I think these are called medlars in english.  In greek they are mousmoula.  This tree is away down the road and I often pass it on my walks.  The house is empty and will be till July or August when the people come from Athens for their summer holidays.  I would go and pick the fruit but I'd have to scramble over a fence and down some uneven steps.  I'm not doing that.  Pity.  I saw some in the shops today.  3 euro a punnet


My last year's birthday present, thanks kids.  It is finally in the garden.  That's a small basil plant, in the planter


And here's another one for you gardeners.  What is the name of this tree?  I should know it.  I'm sure my father had one in our garden many, many years ago.  The flowers smell delightful

Summer Change

 


Freedom.  Cafes and tavernas are open.  We went out for morning coffee and a sesame roll, koulouri.  There weren't many people about which surprised me.  All the cafes had a few tables of people.  No overcrowding.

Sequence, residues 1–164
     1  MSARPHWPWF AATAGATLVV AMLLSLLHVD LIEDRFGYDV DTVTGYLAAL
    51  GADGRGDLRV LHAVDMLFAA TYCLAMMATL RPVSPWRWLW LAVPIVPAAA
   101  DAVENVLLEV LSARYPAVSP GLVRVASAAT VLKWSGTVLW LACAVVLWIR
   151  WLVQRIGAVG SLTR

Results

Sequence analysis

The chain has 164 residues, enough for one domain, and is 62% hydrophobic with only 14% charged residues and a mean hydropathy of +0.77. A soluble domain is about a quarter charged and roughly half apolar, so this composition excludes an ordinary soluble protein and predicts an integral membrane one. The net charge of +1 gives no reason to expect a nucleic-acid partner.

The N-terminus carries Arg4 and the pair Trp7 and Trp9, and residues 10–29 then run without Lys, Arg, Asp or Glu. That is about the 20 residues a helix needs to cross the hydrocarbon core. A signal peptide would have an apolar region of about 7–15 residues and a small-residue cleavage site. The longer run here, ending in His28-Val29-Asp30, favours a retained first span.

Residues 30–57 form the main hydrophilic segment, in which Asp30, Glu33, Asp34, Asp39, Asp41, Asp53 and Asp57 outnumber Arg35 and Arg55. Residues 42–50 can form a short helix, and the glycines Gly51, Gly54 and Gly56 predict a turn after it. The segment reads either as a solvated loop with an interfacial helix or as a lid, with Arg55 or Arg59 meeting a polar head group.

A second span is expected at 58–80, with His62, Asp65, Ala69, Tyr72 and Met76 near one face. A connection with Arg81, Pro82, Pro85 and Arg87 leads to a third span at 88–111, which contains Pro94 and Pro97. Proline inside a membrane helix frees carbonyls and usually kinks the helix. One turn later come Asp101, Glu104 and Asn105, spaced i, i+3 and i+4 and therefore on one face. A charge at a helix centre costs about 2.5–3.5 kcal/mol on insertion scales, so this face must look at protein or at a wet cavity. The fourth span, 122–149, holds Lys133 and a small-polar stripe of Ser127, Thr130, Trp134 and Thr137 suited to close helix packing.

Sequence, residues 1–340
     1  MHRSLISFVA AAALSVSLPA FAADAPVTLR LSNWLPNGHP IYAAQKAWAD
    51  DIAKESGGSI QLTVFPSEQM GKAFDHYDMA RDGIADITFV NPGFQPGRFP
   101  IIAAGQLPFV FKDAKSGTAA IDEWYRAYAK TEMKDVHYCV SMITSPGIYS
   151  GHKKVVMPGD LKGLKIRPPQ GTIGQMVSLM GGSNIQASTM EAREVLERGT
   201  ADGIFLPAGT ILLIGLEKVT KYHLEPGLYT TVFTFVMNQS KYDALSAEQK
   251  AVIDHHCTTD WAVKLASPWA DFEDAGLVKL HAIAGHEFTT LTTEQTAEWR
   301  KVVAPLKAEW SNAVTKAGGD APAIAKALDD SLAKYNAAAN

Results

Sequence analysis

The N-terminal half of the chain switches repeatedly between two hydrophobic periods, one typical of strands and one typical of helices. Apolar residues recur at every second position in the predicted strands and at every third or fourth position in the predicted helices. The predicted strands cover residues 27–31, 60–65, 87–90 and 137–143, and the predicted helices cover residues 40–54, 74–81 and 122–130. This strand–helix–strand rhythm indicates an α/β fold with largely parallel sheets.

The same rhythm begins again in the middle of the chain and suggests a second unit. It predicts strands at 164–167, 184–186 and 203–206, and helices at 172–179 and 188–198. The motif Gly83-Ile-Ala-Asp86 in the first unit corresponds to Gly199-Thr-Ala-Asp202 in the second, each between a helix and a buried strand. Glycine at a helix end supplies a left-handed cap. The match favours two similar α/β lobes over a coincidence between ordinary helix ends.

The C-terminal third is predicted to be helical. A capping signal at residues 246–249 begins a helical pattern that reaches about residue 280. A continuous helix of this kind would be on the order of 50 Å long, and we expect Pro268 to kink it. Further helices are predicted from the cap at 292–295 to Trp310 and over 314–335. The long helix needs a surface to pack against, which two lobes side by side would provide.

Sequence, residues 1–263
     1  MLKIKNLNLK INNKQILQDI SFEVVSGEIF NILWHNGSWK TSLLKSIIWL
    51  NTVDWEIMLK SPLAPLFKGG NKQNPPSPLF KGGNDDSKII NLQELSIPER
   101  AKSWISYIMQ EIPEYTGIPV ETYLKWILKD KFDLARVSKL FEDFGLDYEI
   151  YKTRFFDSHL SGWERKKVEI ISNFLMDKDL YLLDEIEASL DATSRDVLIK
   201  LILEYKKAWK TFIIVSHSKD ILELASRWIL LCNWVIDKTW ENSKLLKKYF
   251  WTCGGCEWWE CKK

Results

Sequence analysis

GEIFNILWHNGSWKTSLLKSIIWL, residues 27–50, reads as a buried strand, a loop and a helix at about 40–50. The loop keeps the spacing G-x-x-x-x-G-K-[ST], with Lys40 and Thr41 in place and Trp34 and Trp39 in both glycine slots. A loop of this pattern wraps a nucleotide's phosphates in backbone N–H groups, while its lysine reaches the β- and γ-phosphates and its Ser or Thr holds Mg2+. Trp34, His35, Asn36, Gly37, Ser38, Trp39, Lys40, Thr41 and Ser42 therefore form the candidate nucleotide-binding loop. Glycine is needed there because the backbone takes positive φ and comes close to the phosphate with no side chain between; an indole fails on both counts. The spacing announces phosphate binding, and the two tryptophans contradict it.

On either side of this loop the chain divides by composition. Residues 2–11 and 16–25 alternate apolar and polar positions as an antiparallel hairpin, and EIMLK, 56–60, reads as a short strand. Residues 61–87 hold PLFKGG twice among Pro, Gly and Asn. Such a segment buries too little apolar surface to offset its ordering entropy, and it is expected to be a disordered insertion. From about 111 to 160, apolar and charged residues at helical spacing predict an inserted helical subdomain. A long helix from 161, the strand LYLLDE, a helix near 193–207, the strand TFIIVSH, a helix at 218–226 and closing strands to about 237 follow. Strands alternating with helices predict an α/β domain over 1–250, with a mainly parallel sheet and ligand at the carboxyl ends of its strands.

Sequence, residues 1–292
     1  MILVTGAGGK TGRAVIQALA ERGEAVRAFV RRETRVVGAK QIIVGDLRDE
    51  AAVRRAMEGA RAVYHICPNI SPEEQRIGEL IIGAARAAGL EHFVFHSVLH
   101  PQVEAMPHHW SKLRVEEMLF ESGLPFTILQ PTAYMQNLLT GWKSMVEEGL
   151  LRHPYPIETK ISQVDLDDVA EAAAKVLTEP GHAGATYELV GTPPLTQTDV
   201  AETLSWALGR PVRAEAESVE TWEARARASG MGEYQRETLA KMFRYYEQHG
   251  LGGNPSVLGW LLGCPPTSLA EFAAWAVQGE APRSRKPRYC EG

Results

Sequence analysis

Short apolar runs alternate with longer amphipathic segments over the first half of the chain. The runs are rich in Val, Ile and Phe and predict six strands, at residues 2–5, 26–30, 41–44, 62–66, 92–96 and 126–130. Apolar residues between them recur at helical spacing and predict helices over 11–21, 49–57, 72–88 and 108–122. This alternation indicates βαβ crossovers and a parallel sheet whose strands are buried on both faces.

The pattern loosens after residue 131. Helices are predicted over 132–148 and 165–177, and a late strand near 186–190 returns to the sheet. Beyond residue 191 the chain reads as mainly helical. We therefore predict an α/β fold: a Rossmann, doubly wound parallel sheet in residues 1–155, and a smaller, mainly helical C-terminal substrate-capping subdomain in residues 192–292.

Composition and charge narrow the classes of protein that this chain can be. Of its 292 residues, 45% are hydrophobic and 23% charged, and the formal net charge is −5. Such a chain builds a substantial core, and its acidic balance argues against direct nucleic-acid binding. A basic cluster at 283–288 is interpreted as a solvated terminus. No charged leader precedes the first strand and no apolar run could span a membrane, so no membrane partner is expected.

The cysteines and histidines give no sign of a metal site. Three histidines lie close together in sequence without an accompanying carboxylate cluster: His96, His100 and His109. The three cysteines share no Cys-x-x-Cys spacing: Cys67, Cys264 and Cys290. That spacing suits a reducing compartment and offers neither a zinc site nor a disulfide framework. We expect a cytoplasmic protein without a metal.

It was a bit different at night apparently. Young kids out for a good time


Tall Poppi came and scrubbed our small rugs.  It looks like she's enjoying herself.  She also re-arranged some breeze blocks to make a small garden, brought down our summer fans and garden cushions from the small space over the bathroom and took down the curtains in the living room so I can wash out the smoke from winter's fires.

Saturday, 8 May 2021

At Home


The grape vine is greening up.  The young leaves will have to be gathered for dolmathes before they get too big and tough.


Our grandaughter came and scrubbed small rugs a few days ago and here they are hanging out on the fence.  Thank goodness they are dry and can be brought in to be stored away.  That great tractor/digger thing spent all day digging up next door's driveway so they can bury their electric cable, from gate to house.  That's something new around here.  There was quite a bit of dust, to add to the Saharan dust already in the air.


A few stuffed tomatoes for a couple of lunches


Wednesday, 5 May 2021

Easter Sunday Fiesta

 So much fuss and bother for one day.  And another three days for me to recover


We had an easter egg, chocolate egg, hunt.  52 small, foil wrapped, eggs were strewn around the garden.  Fortunately they found them all.  The weather has turned hot.  It would have been 52 traps of melting chocolate.  


The photos are in the wrong order.  So here's the lamb just off the spit.  A perfection of fattiness